Federal Labor leader Kevin Rudd has announced a $500 million renewable energy fund and measures to tackle the urban water crisis.
The fund would be used to develop, commercialise and deploy renewable energy technologies, Mr Rudd told Labor’s election campaign launch.
“We need to harness our enormous potential in solar, wind, geothermal and wave power,” he said.
“This fund will support projects that take renewable energy technology from the lab to the grid.”
A Labor government would also establish a national desalination and urban water recycling fund.
“It’s irresponsible for any national government of Australia to stand idly by while our major cities are threatened by the insecurity of long-term national supply,” Mr Rudd said.
“This national fund is designed to deliver new desalination and water recycling projects right across Australia … (to help) with the long-term security of water supply.”
The Australian Greens said the renewable energy fund is a “me-too lite” version of their Sun Fund, which proposes taking $3 billion in fossil fuel subsidies over 10 years and spending it on renewable energy.
“The ALP’s renewable energy investment policy would be dwarfed by their decision to increase existing fossil fuel funding with another $500 million commitment to the oxymoronic ‘clean coal’,” Greens climate change spokeswoman Christine Milne said in a statement.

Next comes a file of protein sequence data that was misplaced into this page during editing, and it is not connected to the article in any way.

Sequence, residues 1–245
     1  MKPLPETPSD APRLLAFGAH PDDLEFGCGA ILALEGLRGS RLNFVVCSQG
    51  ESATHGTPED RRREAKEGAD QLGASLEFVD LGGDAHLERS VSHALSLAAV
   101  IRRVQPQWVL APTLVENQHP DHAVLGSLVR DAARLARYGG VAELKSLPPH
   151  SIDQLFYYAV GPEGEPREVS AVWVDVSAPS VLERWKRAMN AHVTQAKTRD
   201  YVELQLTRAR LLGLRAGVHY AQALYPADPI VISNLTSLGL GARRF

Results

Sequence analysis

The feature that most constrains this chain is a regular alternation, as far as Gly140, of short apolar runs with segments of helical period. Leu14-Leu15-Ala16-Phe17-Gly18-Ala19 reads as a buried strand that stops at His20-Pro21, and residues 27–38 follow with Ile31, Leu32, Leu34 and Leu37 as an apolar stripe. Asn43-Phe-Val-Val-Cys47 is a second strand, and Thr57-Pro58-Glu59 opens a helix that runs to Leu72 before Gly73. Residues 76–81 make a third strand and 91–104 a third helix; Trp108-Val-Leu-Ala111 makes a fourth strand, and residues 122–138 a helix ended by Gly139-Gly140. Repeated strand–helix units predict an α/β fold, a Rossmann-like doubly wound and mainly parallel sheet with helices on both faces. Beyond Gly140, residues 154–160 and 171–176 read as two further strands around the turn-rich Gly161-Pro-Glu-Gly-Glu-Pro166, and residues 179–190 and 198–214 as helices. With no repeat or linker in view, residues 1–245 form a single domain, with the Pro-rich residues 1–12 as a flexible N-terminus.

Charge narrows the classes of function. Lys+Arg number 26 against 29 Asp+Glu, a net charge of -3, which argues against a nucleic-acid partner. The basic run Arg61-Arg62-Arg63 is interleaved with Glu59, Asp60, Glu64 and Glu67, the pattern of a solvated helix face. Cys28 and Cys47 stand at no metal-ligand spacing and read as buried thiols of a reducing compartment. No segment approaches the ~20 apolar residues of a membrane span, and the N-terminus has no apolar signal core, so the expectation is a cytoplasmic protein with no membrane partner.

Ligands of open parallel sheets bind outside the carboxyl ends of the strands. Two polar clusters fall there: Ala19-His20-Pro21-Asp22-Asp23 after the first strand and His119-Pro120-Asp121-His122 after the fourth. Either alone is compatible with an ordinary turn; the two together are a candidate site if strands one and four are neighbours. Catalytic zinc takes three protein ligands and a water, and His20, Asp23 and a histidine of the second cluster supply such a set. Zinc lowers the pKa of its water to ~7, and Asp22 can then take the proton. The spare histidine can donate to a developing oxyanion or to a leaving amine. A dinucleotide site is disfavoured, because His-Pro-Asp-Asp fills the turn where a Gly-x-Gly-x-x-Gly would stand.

“The timeline, still absent, is crucial. Are we talking $50 million a year over 10 years? If so, this is a drop in the ocean compared to what is needed.”
The Climate Institute said Mr Rudd’s announcement took Labor’s rating under the institute’s climate change report card up to 60 per cent, compared with the coalition’s 27 per cent.
“This commitment more than balances out the funding allocated for research and development to dramatically reduce emissions from fossil fuels,” institute chief executive John Connor said.
“(It) will provide much needed funding for Australian researchers to come up with more solutions that will underpin our clean energy economy.”
The natural gas industry said it had been left out again in Labor’s policy, even though both major parties acknowledged privately the resource’s benefits.
“No matter how much money governments throw at the renewable energy sector, it will not be ready in the short or medium term to generate base-load power for major manufacturing or electricity generation,” Australian Pipeline Industry Association chief executive Cheryl Cartwright said.
By Peter Williams
14 November 2007
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